The losses will continue at US Airways ( UAIR) until employees give additional concessions. That's the message management is sending. In a filing with the Securities and Exchange Commission, the nation's seventh-largest airline warned that it will post losses in the third and fourth quarters because of increased competition from carriers like Southwest Airlines ( LUV), which has much lower costs. "The outlook for the full year is clouded," said Bruce Lakefield, president and CEO, in a telephone message to the company's employees on Thursday. "If we don't get the labor cost reductions we have targeted, combined with the effects of abnormally high fuel prices and expansion of low-cost competition, we could see losses in the third and fourth quarters comparable to what we experienced in the first quarter." In reaction, shares of the company fell 9 cents, or 3.9%, to $2.21. And US Airways'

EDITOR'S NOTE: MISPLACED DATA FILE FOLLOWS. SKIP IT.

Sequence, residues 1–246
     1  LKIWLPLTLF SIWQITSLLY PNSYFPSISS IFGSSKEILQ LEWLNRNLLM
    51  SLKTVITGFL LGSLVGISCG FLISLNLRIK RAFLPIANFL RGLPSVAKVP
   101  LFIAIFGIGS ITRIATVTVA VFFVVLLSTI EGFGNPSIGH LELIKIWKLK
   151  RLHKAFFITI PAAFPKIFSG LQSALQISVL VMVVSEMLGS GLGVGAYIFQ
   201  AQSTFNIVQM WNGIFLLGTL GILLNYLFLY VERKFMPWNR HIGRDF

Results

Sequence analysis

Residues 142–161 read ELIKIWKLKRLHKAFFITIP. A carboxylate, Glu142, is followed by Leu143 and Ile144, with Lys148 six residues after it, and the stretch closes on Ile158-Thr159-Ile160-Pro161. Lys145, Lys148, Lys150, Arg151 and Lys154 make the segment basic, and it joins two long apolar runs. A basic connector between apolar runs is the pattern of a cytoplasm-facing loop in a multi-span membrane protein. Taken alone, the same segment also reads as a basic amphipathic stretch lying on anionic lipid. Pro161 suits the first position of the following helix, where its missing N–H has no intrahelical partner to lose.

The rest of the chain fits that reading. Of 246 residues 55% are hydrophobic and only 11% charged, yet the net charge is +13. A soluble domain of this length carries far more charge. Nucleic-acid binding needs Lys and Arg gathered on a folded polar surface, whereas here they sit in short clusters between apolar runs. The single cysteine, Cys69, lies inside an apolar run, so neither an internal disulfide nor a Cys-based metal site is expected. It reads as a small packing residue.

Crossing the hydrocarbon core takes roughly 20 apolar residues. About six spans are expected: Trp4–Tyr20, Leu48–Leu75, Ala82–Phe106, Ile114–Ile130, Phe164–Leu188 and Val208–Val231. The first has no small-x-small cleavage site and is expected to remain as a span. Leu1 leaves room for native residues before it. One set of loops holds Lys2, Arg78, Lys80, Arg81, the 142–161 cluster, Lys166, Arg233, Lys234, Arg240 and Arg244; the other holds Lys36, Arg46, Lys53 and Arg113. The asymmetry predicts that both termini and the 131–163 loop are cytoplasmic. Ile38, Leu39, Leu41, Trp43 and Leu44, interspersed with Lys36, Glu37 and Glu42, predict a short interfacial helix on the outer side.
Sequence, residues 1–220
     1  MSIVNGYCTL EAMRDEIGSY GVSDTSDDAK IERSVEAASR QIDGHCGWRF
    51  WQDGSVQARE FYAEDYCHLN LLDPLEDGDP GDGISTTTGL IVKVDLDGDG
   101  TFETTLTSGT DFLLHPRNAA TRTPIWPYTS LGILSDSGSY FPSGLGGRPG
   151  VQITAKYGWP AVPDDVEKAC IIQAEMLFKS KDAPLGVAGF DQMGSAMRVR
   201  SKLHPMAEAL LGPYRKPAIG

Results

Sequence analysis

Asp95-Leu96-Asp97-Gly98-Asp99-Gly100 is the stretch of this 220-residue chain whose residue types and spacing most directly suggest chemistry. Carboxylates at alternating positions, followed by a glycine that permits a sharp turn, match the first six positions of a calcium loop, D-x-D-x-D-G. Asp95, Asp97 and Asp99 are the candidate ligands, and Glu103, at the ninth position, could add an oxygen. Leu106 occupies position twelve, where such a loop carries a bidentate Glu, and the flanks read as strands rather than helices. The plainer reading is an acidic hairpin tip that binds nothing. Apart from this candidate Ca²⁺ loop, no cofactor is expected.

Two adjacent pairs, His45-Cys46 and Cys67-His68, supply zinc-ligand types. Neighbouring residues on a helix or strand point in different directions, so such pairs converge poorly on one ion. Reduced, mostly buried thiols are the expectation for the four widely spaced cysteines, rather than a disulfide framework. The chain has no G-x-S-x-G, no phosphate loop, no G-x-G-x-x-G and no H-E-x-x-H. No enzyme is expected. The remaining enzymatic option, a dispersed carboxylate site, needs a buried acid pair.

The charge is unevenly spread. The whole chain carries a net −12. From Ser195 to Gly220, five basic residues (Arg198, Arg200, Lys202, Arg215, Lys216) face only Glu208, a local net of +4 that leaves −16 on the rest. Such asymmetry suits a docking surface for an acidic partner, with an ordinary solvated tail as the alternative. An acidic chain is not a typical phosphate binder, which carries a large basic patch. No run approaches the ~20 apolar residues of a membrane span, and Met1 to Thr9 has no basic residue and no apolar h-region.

first quarter was awash in losses, with the carrier losing $177 million, or $3.28 a share. Losses of that magnitude would be greater than current consensus estimates. On average, the two analysts still covering the company expect the company to lose 73 cents a share in the third quarter and $2.63 in the fourth, according to Thomson Financial. Summer demand is helping US Airways some, with the carrier saying it had a shot at breaking even in the second quarter, which is traditionally its best quarter. On average, Wall Street expects the carrier to lose $1.34 a share in the second quarter. As with American Airlines, unit of AMR ( AMR), US Airways' turnaround plan has run into problems, and unless the carrier gets another $800 million in givebacks from employees, Lakefield said the company runs the risk of losing an all-important government loan guarantee from the Air Transportation Stabilization Board. "Without a lower cost structure, US Airways could just run out of steam sometime next year," said the company in the SEC filing.